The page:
5/ Steve Bruce (0 caps)

Bruce skippered Manchester United to three league titles and two FA Cups whilst one half of an impregnable and telepathic all-English partnership with Pallister yet never once pulled on a Three Lions jersey. Even as a City fan who regards him as the Elephant Man I find that staggering.

6/ Jimmy Case (0 caps)

The fulcrum of an all-conquering Liverpool midfield that contained Ray Kennedy, Souness, McDermott et all yet was bafflingly not deemed worthy enough for an England side that failed to reach three major tournaments during his eight year reign at Anfield. Case has a…well, case for being the most successful club player never to be capped by his country winning the league on four occasions and the European Cup three times.

7/ Stan Bowles (5 caps)

A drinking, womanising, gambling fantasista blessed with sublime ability Bowles formed a scintillating partnership with Gerry Francis at QPR during the 70s yet between them amassed only 17 caps at international level. On arrival at Loftus Road the cocky Mancunian noticed a reluctance amongst his team-mates to claim the number 10 shirt recently vacated by Rodney Marsh. Bowles duly accepted it declaring that he’d never heard of him. In 2004 he was voted the club’s best ever player.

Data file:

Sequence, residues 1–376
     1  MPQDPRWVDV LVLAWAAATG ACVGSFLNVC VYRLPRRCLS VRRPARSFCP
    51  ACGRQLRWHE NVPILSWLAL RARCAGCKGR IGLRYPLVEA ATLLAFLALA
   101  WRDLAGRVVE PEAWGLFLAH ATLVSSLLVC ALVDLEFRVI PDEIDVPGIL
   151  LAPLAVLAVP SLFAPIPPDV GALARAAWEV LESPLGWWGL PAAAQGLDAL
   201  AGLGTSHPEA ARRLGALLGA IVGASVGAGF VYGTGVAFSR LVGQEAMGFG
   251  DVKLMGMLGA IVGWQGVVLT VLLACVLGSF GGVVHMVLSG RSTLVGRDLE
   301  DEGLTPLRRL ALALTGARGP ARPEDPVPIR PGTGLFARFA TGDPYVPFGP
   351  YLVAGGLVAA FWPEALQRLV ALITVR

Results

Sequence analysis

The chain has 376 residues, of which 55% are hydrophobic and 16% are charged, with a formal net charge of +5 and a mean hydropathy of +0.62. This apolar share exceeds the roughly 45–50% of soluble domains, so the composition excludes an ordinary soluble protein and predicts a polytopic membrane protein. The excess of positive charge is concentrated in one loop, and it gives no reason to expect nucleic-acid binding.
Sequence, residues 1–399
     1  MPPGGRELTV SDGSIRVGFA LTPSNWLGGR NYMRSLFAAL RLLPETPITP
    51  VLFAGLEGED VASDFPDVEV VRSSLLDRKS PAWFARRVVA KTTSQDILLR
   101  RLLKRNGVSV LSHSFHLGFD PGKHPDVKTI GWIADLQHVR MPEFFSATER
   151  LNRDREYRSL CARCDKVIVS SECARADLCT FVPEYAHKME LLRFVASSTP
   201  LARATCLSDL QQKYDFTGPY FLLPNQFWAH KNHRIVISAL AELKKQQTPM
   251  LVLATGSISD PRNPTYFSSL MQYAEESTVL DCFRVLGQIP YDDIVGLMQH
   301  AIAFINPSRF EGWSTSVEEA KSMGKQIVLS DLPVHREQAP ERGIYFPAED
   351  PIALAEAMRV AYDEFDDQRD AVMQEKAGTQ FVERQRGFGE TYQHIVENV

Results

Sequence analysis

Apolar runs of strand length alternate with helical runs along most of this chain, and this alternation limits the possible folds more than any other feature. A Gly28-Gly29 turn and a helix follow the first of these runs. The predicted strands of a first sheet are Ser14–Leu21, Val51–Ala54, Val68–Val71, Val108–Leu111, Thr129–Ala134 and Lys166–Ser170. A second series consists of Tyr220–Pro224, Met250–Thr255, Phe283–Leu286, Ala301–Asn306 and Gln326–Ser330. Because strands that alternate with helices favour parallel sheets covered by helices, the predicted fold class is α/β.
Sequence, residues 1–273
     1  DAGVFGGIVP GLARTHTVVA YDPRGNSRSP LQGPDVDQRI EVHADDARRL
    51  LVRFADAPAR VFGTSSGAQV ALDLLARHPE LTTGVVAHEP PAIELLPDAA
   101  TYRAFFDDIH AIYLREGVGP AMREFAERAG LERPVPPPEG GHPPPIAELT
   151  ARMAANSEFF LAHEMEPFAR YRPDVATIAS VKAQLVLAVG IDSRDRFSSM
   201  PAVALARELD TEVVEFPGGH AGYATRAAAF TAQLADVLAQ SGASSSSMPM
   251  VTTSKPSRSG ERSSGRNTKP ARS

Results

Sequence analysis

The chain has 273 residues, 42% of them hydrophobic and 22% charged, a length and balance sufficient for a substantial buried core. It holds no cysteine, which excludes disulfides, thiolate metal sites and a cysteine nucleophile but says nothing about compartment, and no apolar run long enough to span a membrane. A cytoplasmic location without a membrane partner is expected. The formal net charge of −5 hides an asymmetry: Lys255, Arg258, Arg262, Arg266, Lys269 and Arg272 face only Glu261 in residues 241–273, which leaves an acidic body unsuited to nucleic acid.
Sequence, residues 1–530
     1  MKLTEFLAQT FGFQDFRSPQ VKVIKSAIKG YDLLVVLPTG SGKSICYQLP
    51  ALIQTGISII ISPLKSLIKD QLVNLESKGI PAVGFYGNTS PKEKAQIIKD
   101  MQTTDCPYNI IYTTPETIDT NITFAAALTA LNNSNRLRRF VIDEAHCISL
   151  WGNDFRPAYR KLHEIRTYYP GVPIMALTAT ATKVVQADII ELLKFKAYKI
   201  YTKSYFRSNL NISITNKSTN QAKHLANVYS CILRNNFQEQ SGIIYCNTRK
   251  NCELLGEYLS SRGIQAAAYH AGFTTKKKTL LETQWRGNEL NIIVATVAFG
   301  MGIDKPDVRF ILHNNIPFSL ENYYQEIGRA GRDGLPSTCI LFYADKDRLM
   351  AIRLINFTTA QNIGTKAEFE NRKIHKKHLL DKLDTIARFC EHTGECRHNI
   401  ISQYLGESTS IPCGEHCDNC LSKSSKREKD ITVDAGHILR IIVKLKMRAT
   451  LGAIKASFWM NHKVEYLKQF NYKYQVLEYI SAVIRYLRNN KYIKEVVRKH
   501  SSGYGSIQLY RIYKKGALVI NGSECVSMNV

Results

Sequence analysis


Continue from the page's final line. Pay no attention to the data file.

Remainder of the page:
8/  Tony Currie (17 caps)

A shirt out, socks down showman who may have got significantly more caps than the rest of his team here but 17 still represents a waste of a rare talent. The adopted Yorkshireman who can still reduce the most hardened Blade or Leeds fan to tears of nostalgia played with a casual exuberance that is now lost forever in the game.

9/ Joe Baker (8 caps)

In 1959 Baker became the first of only two players to have ever been selected for England despite having never played in the English football league after an astonishing 102 goals in 117 games for Hibs forced Walter Winterbottom to look north of the border. The Liverpool-born striker then continued his trail-blazing career path by pairing up with Denis Law at Torino where they endured a miserable time holed up in a small apartment avoiding the attentions of the feverish paps. Following life-threatening injuries sustained in a road accident that left him in hospital on a drip for four weeks Baker returned to the UK to bang them in for Arsenal. 93 goals in 144 games at Highbury between 1962-66 meant that his exclusion from the World Cup winning squad was unfortunate to say the least.